Wilson routinely travels to Carnegie Mellon in Pittsburgh to lead acting workshops. “I’ve always been comfortable with instructing others,” he said, explaining that he may not be a “film school guy” but he does know a thing or two about how the camera creates images.

“I’m always conscious of my relationship to the camera when I act — what is the lens size? How is it moving? I made my actors watch themselves because what you feel and what the audience sees can be different things.”

Josh, terrified that he’s perpetuating the mistakes of his own father, tries desperately to find the cause for his instability. In one eerie sequence, he gets an M.R.I. When he’s in the machine, the lights cut off, and the camera approximates the patient’s woozy point of view — total vulnerability, meaning something’s just around the corner.

Set primarily on a college campus, the film also pokes fun at the fragility of men who try incredibly hard to seem, well, masculine — like the toxic fraternity brothers floating in Dalton’s orbit. Wilson’s own statuesque appearance — I told him I still think of him as the “prom king,” the name given to him by the lusty neighborhood mothers in “Little Children” — might seem to group him with this lot. With “The Red Door,” Wilson made a point to engage with the cultural conversation about masculinity. Being a father to two sons means he’s constantly thinking about what it means to promote a healthy identity for young men.

“Men have a hard time sharing how they feel, me included,” Ty Simpkins wrote in an email. He and Wilson have something of a longstanding father-son bond: Simpkins’s first role was as the prom king’s jester-hat-wearing toddler in “Little Children,” and Wilson “even shared a beer with me on my 21st birthday,” Simpkins added.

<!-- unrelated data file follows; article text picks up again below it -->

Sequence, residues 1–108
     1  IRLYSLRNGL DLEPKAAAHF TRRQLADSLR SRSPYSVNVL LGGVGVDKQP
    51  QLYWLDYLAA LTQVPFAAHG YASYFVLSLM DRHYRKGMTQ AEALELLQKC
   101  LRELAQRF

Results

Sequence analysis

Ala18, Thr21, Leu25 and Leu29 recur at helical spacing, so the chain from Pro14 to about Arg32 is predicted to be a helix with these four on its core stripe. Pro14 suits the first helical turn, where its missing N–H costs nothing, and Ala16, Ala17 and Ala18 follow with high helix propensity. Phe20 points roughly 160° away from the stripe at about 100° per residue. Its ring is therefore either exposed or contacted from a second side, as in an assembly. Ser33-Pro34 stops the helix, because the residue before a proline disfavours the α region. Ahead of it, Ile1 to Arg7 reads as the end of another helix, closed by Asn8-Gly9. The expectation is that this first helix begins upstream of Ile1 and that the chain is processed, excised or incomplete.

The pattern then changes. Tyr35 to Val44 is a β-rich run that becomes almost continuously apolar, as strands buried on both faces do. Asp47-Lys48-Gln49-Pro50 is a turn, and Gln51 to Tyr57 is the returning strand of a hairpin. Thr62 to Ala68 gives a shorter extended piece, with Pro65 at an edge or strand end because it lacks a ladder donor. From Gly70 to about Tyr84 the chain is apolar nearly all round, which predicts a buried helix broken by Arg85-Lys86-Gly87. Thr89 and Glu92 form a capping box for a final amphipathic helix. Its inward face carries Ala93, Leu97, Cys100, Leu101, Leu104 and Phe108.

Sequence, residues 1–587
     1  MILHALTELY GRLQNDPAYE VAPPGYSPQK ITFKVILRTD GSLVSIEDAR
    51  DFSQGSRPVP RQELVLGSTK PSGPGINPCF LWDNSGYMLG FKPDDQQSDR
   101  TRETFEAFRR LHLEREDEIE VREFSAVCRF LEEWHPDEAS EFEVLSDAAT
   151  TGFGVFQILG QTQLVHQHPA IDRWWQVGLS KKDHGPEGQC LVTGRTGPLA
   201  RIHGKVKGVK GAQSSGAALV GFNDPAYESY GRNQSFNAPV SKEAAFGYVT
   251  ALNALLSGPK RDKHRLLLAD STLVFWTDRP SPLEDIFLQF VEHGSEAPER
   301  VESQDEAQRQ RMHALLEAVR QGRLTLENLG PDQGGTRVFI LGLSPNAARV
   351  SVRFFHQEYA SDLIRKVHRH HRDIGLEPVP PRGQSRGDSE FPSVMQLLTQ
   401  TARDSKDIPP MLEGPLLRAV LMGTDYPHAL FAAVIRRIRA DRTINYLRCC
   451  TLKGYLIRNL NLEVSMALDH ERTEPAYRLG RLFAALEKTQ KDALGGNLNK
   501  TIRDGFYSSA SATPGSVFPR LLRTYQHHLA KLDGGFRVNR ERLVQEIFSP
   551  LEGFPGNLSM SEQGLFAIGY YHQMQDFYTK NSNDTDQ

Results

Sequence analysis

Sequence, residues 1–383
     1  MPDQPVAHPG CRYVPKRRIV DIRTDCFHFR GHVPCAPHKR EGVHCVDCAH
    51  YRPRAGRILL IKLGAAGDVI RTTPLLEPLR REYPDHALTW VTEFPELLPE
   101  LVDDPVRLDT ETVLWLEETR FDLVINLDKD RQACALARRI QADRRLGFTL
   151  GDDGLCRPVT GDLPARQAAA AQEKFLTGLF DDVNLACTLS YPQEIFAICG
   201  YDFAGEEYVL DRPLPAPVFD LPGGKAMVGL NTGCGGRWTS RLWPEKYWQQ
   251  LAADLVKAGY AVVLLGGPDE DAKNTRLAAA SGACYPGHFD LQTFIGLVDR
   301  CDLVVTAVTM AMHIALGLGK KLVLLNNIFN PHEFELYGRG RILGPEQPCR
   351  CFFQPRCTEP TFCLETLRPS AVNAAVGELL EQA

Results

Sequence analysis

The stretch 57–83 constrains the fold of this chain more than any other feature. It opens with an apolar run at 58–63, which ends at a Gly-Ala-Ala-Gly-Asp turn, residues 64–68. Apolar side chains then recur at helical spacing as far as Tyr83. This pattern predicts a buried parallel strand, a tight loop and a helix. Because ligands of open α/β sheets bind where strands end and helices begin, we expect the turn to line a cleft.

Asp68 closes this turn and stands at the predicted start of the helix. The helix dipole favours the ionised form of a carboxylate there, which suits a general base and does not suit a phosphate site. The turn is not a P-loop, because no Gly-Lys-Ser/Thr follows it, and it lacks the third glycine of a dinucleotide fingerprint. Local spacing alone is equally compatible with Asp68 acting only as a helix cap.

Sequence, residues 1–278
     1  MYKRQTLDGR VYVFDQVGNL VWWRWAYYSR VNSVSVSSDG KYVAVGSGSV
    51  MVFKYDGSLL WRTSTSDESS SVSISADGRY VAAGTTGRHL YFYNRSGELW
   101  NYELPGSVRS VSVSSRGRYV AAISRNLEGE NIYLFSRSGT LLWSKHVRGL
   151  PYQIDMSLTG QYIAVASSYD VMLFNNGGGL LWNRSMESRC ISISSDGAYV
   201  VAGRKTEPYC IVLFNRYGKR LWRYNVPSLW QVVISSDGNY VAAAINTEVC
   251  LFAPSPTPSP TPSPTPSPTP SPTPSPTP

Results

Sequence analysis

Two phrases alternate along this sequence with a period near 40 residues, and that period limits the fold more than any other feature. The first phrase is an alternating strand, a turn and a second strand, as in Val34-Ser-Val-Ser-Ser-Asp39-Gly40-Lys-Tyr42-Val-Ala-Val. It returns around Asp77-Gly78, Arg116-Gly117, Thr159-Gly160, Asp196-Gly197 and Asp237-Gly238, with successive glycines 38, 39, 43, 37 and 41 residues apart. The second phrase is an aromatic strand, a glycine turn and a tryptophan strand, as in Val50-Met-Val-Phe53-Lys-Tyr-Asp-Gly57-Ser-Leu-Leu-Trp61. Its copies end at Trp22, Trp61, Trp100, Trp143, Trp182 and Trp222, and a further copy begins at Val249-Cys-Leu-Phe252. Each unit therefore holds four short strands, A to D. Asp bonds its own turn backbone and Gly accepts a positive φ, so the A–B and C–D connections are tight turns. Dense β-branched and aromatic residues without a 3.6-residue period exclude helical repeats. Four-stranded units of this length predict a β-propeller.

Wilson perked up when I asked him about his love of rock music, another personal touch he weaves into his directing debut. Listen closely and you’ll hear him singing over the end credits to the heavy-metal stylings of the Swedish band Ghost. Wilson seemed giddy to join the small ranks of directors who sing songs in their own movies. He cited John Carpenter and “Big Trouble in Little China” as an inspiration.

When Mike Nichols cast him in “Angels in America,” Wilson said the director talked to him about Paul Newman’s career. “Being a movie star is hard, he told me. You go where it takes you. To enjoy doing one of the opportunities given to you — that’s a privilege.”

Site Index

Site Information Navigation

Source: Read Full Article